Commissioner Mike Belding responded to both of the women’s comments, noting how other businesses have complained.

“We’ll further look into it,” He said. “We’ll work within the authority of the law.”

Both Winegar and Gottschalk also raised concerns over the signs’ potential harmful impact on children. They described how children are taught one way of behavior in the classroom setting, but then observe the complete opposite in the community.

“[The signs] are quite offensive and confusing in some ways,” Gottschalk said. “First of all, we’re not setting a very good example to our children in non-school settings. We give them all sorts of rules to follow, then we get out of school and nobody follows these rules.”

Commissioner Blair Zimmerman agreed with the possible threat the signs pose in negatively influencing the children of Greene County. He felt disappointed with the signs and was especially disappointed with the adults’ decision to show children this type of message.

“We’ve got adults that’re putting that kind of language out in public that every kid, that we’re trying to raise kids and teach them the right things, and adults, ya know, are putting out that kind of message. What’s this country come to?” Zimmerman said.

Zimmerman also addressed the concern over future business harm. He offered to assist the cause in improving the signage situation.  

“One of the first times I saw one of those signs, I called Franklin Township, I called the State, and I’ll just be honest with you, basically they told me they couldn’t do a thing about it, First Amendment. I disagree.” Zimmerman said. “I am absolutely offended that people would do that to our children.”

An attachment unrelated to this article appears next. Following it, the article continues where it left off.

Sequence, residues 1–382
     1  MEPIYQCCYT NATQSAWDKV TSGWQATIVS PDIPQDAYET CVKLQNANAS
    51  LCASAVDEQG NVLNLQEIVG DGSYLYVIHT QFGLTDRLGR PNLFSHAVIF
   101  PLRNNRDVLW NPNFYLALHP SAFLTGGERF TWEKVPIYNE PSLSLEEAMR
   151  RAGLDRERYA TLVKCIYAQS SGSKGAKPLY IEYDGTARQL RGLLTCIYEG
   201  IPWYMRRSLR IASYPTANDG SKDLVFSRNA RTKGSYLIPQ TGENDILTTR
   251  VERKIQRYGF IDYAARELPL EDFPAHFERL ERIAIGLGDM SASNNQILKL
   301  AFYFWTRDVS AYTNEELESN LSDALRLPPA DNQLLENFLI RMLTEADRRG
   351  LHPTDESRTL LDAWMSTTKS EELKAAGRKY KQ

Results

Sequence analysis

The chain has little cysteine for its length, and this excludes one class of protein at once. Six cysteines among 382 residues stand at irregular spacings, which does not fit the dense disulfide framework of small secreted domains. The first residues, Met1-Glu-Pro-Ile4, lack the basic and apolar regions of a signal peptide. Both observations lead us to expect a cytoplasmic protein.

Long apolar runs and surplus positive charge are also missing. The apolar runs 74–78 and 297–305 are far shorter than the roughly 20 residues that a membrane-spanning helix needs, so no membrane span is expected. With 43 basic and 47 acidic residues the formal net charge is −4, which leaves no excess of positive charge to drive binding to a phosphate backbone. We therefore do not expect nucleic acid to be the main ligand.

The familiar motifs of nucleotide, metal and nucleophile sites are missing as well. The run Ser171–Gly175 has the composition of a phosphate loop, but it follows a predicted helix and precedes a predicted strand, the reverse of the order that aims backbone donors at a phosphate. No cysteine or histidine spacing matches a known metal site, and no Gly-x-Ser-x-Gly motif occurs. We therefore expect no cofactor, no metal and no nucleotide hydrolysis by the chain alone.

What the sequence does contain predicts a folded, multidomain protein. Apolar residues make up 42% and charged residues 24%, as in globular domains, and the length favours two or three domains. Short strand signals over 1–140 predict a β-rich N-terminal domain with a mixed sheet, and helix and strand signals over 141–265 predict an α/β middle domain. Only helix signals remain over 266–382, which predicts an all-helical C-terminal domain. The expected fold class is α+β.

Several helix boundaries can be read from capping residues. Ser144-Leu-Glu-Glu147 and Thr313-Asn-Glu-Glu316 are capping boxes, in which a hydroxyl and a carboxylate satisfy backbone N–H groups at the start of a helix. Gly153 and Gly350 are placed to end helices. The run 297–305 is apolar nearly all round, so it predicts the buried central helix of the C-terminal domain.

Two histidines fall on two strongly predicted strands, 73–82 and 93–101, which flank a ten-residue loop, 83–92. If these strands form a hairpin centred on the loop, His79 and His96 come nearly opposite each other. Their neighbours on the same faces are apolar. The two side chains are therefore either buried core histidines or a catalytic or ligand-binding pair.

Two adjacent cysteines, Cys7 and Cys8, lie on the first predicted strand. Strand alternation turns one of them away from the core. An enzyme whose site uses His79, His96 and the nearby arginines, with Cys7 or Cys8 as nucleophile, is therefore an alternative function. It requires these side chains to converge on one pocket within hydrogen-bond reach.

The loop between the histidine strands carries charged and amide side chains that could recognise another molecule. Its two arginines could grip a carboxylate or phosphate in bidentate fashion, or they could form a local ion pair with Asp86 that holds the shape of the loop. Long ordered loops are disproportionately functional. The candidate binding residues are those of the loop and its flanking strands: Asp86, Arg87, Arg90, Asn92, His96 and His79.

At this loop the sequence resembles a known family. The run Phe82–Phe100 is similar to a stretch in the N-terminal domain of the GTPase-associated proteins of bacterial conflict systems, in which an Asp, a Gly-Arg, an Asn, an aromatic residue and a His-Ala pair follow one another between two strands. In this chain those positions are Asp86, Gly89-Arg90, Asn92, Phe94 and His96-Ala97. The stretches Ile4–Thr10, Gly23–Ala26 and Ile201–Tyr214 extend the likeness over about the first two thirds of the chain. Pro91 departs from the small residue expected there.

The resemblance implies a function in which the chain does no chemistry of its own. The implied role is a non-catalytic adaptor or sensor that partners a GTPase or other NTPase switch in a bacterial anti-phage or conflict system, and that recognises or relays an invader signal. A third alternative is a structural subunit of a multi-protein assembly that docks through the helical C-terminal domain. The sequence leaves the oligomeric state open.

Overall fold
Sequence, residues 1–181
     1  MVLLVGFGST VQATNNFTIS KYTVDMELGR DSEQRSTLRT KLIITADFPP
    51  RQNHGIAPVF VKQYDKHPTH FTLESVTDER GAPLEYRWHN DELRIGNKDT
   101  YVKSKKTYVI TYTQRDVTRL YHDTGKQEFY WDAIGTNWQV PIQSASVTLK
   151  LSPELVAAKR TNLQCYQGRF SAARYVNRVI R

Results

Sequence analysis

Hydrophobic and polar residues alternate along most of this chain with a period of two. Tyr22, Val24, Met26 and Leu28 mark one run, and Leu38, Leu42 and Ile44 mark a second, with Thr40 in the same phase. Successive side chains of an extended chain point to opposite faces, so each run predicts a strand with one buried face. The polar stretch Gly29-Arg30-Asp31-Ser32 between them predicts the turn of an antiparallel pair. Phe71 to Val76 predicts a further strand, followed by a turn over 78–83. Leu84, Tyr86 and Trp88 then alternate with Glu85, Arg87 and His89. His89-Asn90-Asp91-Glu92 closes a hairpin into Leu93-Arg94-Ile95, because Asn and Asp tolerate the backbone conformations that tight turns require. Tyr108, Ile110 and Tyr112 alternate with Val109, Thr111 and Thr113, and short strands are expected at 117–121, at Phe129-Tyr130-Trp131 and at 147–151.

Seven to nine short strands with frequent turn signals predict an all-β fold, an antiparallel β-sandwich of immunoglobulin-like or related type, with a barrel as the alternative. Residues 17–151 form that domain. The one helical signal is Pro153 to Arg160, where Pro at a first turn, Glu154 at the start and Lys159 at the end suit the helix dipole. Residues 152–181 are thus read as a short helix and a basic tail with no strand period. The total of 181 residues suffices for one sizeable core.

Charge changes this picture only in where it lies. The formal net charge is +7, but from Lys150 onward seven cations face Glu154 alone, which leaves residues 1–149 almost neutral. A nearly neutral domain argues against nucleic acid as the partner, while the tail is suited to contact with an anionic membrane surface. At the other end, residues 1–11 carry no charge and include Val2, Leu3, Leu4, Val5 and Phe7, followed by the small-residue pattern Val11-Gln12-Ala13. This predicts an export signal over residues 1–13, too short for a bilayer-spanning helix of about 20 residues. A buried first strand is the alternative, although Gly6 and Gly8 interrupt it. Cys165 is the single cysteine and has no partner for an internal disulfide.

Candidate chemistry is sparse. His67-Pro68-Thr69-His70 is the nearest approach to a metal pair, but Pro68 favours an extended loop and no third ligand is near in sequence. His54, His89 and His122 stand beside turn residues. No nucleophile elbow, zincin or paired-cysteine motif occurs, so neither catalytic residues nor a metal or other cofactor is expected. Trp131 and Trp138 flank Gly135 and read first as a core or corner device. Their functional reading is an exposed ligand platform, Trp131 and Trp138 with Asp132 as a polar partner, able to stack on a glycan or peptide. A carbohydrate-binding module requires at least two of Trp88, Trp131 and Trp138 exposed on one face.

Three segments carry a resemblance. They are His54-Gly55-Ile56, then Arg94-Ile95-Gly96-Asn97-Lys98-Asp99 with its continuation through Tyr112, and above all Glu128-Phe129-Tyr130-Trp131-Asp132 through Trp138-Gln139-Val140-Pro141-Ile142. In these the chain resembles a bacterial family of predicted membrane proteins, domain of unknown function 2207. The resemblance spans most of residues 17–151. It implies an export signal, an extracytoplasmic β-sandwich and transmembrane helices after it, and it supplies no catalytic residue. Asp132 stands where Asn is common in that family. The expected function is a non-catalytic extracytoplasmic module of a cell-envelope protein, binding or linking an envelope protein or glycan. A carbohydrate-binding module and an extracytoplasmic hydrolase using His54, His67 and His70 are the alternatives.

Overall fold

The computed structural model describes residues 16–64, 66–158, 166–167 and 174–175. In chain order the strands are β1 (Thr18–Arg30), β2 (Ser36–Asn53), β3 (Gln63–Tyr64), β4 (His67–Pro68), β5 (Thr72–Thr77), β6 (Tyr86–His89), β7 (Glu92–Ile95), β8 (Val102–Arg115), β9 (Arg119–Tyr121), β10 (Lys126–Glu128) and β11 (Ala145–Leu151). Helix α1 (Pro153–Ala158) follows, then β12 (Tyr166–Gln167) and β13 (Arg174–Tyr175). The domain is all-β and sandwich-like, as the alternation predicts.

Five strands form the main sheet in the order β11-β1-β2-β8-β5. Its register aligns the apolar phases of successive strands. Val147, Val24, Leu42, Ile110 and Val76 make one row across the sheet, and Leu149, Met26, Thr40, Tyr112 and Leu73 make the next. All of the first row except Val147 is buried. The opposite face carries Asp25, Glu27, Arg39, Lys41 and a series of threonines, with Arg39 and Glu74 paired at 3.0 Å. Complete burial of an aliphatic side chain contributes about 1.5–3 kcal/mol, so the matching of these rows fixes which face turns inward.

Winegar emphasized the idea of the signs not aligning with Greene County’s goal of attracting people. She pointed out one of Belding’s Facebook comments promoting a vision of attracting people to Greene County and keeping it a safe place. She does not believe the signs adhere to this value. 

Winegar also read a letter from Greene Together to the commissioners, addressing the concerns over potential business loss due to the signs.

“We, the members of Greene Together, fully support any citizen’s right to fly a flag from their porch to show support for a candidate or place signs,” Winegar read from the letter. “However, these offensively worded messages reflect poorly on our county and everyone who lives here. What kind of impression of Greene County do they portray?”